# Examples of non-commutative unity rings where $2$ is a non-zero zero divisor

I would like to see some examples of non-commutative unity rings where $$2$$ is a non-zero zero divisor.
My thoughts on this: Since $$2$$ is a zero divisor there will be some $$x$$ in that ring such that $$2x=0$$. This made me think about rings with finite characterstic and I came up with the simple example $$\left\{\begin{pmatrix} a & b \\ 0& c \end{pmatrix}| a, b, c \in \mathbb{Z}_2\right\}$$, but here we have, in fact, that $$2=0$$. To avoid this, we could take $$a, b, c \in \mathbb{Z}_{2n}$$ where $$n\ge2$$ is an integer, but I guess that there should be other nicer examples. I should mention that I want these examples to be as elementary as possible, so I am not really interested in things that require advanced algebraic structures.

• Note that $2\not\in M_2(\Bbb F_2)$. The elements of the ring are $2\times 2$-matrices. Commented Aug 28, 2020 at 8:37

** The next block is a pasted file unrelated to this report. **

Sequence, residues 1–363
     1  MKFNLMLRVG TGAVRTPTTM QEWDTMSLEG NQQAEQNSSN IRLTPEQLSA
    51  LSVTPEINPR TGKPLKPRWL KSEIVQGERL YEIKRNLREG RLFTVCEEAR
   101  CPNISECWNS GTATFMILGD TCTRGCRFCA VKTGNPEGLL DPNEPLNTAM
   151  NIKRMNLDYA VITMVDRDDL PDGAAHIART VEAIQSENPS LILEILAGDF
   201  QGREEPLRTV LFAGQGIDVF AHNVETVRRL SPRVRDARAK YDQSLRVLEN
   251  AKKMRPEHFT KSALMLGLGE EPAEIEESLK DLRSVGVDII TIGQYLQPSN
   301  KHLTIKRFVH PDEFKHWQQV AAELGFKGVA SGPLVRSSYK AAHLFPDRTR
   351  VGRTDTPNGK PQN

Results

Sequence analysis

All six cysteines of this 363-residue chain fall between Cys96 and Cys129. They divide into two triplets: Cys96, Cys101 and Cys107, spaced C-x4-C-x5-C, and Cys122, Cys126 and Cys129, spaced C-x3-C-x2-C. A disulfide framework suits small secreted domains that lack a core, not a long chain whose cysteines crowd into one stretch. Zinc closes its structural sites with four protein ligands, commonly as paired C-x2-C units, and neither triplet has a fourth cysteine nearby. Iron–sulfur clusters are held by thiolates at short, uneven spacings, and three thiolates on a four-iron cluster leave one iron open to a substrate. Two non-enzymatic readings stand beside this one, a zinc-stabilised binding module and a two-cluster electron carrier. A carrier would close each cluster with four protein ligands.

• Consider the noncommutative polynomial ring $\Bbb Z_2[x,y]$. Commented Aug 28, 2020 at 8:38
• @DietrichBurde Yes, by $2$ I meant $2I_2$. Commented Aug 28, 2020 at 8:52
• So by $2$ do you mean $1_R+1_R$ for a general ring? Because $R$ may not contain numbers. Why do you want to consider this? Commented Aug 28, 2020 at 9:37
• @DietrichBurde Yes, that's what I mean. As for why I want to consider this, I need it for a counterexample to a problem I am working on. Commented Aug 28, 2020 at 10:32

Finding examples "nicer" than $$\begin{bmatrix}\mathbb Z_4& \mathbb Z_4\\0&\mathbb Z_4\end{bmatrix}$$ is really kind of grasping at straws. For simplicity and smallness, it's hard to beat. You can, I suppose drop down a little further to $$\begin{bmatrix}\mathbb Z_4& \mathbb 2Z_4\\0&\mathbb Z_4\end{bmatrix}$$.
For example, you could do the free algebra quotient $$\mathbb Z_4\langle x,y\rangle$$, or even a quotient of it, as long as it doesn't make $$xy=yx$$.
Or pick your favorite nonabelian group $$G$$ and form the group ring $$\mathbb Z_4[G]$$.
Or pick your favorite characteristic $$2$$ ring $$R$$ that isn't commutative, and form $$\mathbb Z_4\times R$$.